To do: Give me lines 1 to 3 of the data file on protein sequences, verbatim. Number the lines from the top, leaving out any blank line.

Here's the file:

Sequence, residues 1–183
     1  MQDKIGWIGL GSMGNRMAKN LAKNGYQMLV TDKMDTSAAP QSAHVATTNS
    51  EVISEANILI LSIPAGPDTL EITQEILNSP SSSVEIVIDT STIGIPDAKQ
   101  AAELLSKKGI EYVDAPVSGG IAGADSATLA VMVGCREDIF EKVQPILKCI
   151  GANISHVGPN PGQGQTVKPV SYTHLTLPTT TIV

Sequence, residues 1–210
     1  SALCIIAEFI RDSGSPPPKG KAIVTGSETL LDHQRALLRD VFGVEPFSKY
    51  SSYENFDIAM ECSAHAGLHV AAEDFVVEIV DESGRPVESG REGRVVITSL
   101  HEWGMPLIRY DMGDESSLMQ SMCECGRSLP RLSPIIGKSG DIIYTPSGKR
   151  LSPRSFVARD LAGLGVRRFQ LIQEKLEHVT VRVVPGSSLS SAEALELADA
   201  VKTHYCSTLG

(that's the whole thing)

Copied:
Sequence, residues 1–183
     1  MQDKIGWIGL GSMGNRMAKN LAKNGYQMLV TDKMDTSAAP QSAHVATTNS
    51  EVISEANILI LSIPAGPDTL EITQEILNSP SSSVEIVIDT STIGIPDAKQ